Royal Furgeson, Dean, announced four new faculty members for the UNT Dallas College of Law today as plans for the law school’s second year of teaching are being released. The four new professors represent legal experience spanning many practice areas and types of practice.
Joining UNT Dallas College of Law are Jonathan Bridges, Michael P. Maslanka, Brian Owsley, and Reynaldo Valencia.
“We are thrilled to have these new faculty members,” announced Dean Furgeson. “Each one brings years of experience in the legal profession to the classroom. Those who come from academia have earned great respect for their teaching and professionalism, and they engaged in high-level law practice before entering teaching. Those who come from the world of law practice are widely recognized as superior lawyers, and they also have extensive teaching experience either before law school or during their practice.”
He adds, “All four are committed to our mission, and they will contribute immensely to the evolution of the College of Law.”
Jonathan Bridges joins the law school faculty as Assistant Professor of Law, having recently served as partner in the premier litigation firm of Susman Godfrey LLP. Professor Bridges will teach Property, Evidence, Legal Writing, and other subjects. He is a graduate of Notre Dame Law School.
Michael P. Maslanka is widely regarded as one of the top employment and human resources lawyers in Texas and is well known as a prolific writer. Professor Maslanka will teach Contract Law, Employment Law, and other courses. He earned his J.D. from Tulane University Law School.
Brian L. Owsley has an extensive and a varied practice career and judicial experience in addition to teaching at Texas Tech and Indiana Tech law schools. He joins the faculty as Assistant Professor of Law and will teach Torts, Constitutional Law, and other courses. He received his J.D. from Columbia University School of Law.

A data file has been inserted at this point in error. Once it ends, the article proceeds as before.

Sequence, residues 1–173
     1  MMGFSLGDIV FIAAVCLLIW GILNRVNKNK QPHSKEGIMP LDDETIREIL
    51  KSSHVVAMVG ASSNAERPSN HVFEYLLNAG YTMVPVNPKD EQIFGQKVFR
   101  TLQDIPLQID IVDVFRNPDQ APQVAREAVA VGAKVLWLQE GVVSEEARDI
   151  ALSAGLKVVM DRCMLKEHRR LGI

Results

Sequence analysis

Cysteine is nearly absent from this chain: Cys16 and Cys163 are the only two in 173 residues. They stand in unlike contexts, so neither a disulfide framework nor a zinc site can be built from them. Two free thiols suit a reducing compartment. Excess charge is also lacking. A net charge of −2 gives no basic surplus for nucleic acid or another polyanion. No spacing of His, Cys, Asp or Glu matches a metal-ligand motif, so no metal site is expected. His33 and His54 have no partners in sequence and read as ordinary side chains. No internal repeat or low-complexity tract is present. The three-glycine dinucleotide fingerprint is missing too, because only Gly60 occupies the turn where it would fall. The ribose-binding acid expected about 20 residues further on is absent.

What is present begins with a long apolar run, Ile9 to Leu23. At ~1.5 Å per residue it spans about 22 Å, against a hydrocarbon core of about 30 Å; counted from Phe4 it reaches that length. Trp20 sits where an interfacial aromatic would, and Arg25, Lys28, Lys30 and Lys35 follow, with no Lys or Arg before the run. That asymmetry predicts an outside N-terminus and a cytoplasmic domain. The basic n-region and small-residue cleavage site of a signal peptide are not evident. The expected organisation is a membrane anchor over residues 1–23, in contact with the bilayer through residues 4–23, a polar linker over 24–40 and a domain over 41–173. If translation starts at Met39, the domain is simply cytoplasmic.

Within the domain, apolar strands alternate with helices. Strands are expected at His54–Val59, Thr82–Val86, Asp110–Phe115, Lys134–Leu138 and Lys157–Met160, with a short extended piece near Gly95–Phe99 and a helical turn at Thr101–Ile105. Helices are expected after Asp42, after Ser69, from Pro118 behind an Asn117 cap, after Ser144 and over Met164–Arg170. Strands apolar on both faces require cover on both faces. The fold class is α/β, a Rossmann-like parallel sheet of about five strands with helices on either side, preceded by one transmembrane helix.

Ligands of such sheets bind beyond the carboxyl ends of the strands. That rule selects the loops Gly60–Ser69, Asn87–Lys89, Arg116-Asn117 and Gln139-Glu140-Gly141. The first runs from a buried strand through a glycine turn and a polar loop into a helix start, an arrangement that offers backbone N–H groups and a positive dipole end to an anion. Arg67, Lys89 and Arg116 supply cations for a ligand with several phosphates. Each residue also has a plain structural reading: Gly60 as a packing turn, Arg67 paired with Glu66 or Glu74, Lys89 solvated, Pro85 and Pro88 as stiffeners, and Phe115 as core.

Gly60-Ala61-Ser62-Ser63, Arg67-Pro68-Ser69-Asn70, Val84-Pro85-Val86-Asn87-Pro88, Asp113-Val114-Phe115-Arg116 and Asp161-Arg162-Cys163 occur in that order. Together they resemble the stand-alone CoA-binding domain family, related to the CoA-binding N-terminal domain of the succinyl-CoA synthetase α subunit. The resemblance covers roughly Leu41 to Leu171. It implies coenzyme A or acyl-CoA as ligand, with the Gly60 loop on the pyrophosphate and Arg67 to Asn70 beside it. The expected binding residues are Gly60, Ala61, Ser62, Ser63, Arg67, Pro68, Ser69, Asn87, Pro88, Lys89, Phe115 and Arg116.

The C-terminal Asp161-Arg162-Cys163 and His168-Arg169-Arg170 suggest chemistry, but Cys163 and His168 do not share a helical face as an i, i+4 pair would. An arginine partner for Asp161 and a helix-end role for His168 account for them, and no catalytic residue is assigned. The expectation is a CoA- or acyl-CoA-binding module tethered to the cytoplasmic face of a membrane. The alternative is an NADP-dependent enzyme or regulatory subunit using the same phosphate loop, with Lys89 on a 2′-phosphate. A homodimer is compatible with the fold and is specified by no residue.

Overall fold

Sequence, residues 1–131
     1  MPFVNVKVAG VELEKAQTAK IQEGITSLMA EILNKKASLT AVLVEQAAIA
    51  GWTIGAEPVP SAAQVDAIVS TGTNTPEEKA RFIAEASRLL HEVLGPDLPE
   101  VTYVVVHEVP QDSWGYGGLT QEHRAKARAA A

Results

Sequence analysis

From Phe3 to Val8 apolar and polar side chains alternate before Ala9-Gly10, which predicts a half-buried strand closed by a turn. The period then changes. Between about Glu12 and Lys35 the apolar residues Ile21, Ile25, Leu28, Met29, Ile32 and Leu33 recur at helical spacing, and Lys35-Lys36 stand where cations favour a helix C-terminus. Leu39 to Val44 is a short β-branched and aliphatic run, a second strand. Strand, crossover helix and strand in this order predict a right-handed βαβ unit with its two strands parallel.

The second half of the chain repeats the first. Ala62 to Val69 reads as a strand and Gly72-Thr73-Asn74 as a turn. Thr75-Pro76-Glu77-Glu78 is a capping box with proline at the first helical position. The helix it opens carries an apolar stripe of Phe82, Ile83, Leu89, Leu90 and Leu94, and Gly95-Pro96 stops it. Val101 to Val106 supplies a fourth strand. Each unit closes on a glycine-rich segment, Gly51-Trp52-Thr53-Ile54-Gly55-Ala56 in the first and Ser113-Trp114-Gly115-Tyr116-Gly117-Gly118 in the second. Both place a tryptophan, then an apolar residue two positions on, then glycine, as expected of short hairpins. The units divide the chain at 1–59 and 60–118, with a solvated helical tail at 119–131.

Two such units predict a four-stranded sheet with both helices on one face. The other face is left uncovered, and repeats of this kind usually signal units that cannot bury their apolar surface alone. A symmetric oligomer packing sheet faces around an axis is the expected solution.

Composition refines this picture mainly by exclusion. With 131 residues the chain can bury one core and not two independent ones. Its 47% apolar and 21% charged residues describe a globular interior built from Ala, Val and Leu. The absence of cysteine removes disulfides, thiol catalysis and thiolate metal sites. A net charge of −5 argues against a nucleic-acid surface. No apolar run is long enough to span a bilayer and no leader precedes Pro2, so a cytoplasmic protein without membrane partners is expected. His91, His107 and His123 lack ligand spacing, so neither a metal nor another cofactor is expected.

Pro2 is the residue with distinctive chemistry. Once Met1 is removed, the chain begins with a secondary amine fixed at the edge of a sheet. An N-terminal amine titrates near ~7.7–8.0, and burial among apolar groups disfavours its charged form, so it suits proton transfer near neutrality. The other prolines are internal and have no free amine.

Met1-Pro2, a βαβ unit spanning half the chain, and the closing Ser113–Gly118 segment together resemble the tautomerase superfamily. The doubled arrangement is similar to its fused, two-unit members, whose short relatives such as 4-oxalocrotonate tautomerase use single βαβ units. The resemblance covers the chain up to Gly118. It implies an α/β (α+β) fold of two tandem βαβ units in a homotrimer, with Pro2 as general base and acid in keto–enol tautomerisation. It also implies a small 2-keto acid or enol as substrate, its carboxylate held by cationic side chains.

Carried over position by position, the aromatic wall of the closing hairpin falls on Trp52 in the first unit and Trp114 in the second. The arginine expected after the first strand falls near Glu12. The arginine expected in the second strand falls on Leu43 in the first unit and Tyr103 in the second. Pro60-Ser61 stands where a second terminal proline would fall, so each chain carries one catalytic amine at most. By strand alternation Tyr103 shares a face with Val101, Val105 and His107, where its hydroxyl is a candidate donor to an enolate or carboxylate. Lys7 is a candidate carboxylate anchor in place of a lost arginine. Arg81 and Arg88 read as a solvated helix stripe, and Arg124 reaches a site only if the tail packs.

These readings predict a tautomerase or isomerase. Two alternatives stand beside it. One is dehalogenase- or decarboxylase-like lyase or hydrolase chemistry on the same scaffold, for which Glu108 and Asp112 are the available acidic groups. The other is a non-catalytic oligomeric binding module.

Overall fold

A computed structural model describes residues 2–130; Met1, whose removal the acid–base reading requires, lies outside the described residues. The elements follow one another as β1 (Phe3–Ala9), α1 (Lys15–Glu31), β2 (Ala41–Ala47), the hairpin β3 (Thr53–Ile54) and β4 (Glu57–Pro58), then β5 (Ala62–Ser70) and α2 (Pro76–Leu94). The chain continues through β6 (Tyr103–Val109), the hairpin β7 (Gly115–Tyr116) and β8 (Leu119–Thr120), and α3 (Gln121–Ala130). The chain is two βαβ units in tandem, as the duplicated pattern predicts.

Reynaldo (“Rey”) Valencia joins us from St. Mary’s University School of Law in San Antonio, Texas, as Visiting Professor of Law and will teach Business Associations in addition to his role as Interim Dean of Operations. A native Texan, Professor Valencia is a graduate of Stanford University and Harvard Law School.
Ellen S. Pryor, Associate Dean for Academics, said about the new faculty members, “All are committed to the educational approach of the College of Law, even as they bring new insights and talents to us. They are all student-focused. They have all earned high accolades for professionalism and excellence throughout long and demanding careers in the law.”
Other plans for the new law school include the first summer term courses beginning June 1 in Family Law, Health Care Law, Advanced Legal Research, and Principles of Accounting and Finance for Lawyers. Fall 2015 brings the second group of 1L students to enter the school and the introduction of upper level courses for 2L students.
The new faculty members join inaugural faculty members Ellen S. Pryor, Cheryl B. Wattley, Thomas P. Perkins, Jr., Eric Porterfield, and Al Ellis. The 2014-2015 academic year also included Visiting Professor David Epstein and Visiting Professor Dylan Malagrinò, plus faculty from the Law Library: Assistant Dean Edward Hart and Professors Jennifer Wondracek and Jessica Haseltine. Professor Diana Howard specializes in the areas of legal writing and legal writing resources. Read about these professors.
UNT Dallas College of Law received legislative authorization in 2009 with funding for the school approved for the 2011-2012 state budget year. Located in a recently renovated historic building in downtown Dallas, the College of Law seated the Inaugural Class of 153 first-year law students in fall 2014. Core goals for the College of Law include widening access to a legal education by keeping tuition low, thus allowing students to graduate with lower student debt; developing practice-related competencies, professionalism and a spirit of service to the community in addition to legal doctrine; and educating future lawyers across a breadth of ethnic, socio-economic and cultural backgrounds, ages, and professionals with career experience or military and law enforcement experience alongside traditional law students.
The Inaugural Class reflects these goals. With an average age of 33 years, students range from 20 years to 67 years old and fifty-two percent are women. Nearly a third of the class hold an advanced degree and forty-eight percent are students of color.